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For Telecom, Wireless Signals Hope

Three years into a brutal downturn for the telecom sector, some execs say they can hear the industry's growth engine finally purring again. And if the sound isn't quite like the fine whine of a Ferrari or Maserati, the low rumble sure beats the eery silence that has prevailed since the industry bubble burst in late 2000. "We're seeing signs of recovery, with improving financial positions," says Keiji Tachikawa, chief executive of Japanese wireless powerhouse NTT DoCoMo (DCM).

Hope rides on wireless data. Traditional telecom revenues are still shrinking in big markets such as the U.S. And the growth rate for mobile voice services in developed countries such as in Europe is slowing down. But the wireless data market is growing at double-digit rates around the world, thanks to the arrival of higher-speed connections and fancy mobile handsets that pack the power of tiny computers (see BW Special Report, 10/20/03, "The Wireless Challenge").

"I believe the industry has found a new growth engine, and it's broadband wireless," says Intel's (INTC) Sean Maloney, general manager of the chip giant's communications group (see BW Online, 10/13/03, "It's "All about Broadband Wireless"). He and Tachikawa were part of a panel on Oct. 12 that helped kick off the huge ITU Telecom World 2003 trade show sponsored by the International Telecom Union, a global organization that coordinates telecom networks, services, and standards. It's held every four years in Geneva.

BIG CHANGES COMING. Signs of growth are emerging from beyond traditional telecom as well. Over the last two years, one of the few bright spots has been Wi-Fi, a wireless networking standard that was barely on the radar screen during the last big European trade show in 1999, Maloney says. He predicts that as Wi-Fi catches on, giving users wireless high-speed connections to corporate networks or the Internet, the business models in all sorts of industries, from construction to retailing, will change.

Next year a more sophisticated version of Wi-Fi will be rolled out. Known as Wi-Max, it will boost Wi-Fi reception from a few hundred yards to as much as 70 kilometers (43.5 miles), making it more of a rival to traditional phone networks.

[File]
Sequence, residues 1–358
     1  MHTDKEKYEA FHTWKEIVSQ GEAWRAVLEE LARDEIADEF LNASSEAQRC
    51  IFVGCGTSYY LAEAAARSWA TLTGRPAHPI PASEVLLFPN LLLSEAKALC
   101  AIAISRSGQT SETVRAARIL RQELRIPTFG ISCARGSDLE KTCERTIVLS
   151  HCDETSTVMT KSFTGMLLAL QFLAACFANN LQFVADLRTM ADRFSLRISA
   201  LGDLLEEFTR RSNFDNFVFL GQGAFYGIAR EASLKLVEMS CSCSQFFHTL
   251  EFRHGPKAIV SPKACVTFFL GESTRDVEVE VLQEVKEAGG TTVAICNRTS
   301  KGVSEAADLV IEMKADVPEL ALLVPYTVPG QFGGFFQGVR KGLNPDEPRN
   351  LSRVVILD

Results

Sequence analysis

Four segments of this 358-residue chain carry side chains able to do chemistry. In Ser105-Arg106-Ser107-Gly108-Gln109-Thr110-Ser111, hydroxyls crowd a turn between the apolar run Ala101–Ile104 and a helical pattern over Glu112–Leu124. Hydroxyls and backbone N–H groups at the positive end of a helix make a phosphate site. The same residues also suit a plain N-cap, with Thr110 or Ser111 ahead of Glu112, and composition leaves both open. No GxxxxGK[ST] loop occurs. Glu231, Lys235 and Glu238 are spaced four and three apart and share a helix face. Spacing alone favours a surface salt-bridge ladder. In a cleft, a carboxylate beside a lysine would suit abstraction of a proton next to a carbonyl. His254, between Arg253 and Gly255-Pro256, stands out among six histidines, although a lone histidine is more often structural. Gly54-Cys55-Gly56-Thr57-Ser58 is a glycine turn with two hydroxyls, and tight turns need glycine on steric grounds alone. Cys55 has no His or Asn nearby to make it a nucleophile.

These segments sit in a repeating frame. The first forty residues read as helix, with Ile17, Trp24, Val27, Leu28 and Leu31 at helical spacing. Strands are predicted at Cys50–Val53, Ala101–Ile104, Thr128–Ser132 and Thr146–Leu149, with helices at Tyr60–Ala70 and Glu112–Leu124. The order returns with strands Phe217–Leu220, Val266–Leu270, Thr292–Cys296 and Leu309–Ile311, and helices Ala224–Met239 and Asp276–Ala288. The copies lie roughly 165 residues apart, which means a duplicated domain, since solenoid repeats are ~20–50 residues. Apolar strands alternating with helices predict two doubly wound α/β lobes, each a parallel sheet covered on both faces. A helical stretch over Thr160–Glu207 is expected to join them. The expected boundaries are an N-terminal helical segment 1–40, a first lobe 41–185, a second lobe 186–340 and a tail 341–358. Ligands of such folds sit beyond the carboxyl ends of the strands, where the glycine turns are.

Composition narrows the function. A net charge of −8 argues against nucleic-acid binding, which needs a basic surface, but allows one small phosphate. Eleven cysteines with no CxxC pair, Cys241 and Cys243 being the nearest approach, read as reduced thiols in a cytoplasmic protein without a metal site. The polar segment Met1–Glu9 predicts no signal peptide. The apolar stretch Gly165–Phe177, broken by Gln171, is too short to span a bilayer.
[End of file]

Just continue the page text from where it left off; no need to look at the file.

Wi-Fi's appeal is already being felt around the world. At a McDonald's (MCD) restaurant in Hong Kong, customers are greeted at the door by someone who takes their order with a Wi-Fi-enabled PDA, Maloney points out. Their food is ready by the time they reach the counter at the back of the restaurant, reducing wait times and boosting productivity.

3G KICKS IN. Retailers will soon be able to greet customers on the floor, using similar devices that can tap into records of the customer's previous purchases, suggest additional products that the customer might want to buy, and process a credit-card transaction. That will eliminate the usual wait at the cash register. "Broadband wireless is going to be disruptive for certain kinds of business models," Maloney warns. But for many retailers, it could boost sales and increase customer satisfaction.

Beyond Wi-Fi, wireless phone networks are also becoming increasingly powerful. While many companies have piled up massive debt on licenses for next-generation 3G mobile-phone services (the industry has bid a combined $100 billion on building out such services), some of the systems are finally going into operation. Japan has more than 1 million 3G subscribers, according to Tachikawa. He thinks that's just the beginning. As smaller, cheaper 3G base stations are developed, service will be increasingly available, with expanded coverage areas and better reception inside buildings, he says.

These are encouraging signs for a beleaguered sector. But the recovery has risks. The biggest may be a new inclination to slap more regulations on telecom's fastest growing sectors. In the U.S., California and other states may move to regulate wireless prices and reliability as soon as this year, according to analyst Rudy Baca of Precursor Group.

SLOW TO CATCH ON. Such regulations could do serious damage to a fragile rebound, many at the conference fear. With wireless calls, including long-distance and voice-mail, averaging 10 cents a minute in the U.S., price is hardly an issue, they say. And while the reliability and coverage of wireless systems still leaves much to be desired, it's a problem that needs to be solved by technologists with access to capital. It would be far more productive for government regulators to focus their efforts on ensuring that wireless users have enough spectrum, they say.

The other big risk to recovery comes from the sector itself. Telecom outfits need better insights into their own markets. How is it that so few of them appreciated Wi-Fi's promise until its applications became obvious? One theory is that telecoms spend too much time lobbying regulators and fighting each other in court -- and not enough time listening to their customers.

The greatest risks to recovery have been eliminated, however, most at this conference agree. The overconfidence that drove telecom to massive overcapacity and financial disaster was purged in the downturn, which wiped out $2 trillion in capital-market value. "The mood is cautious optimism," Maloney says. For the moment, that's good enough. By Steve Rosenbush at the ITU conference in Geneva. Follow BusinessWeek's exclusive telecom coverage, only on BusinessWeek Online

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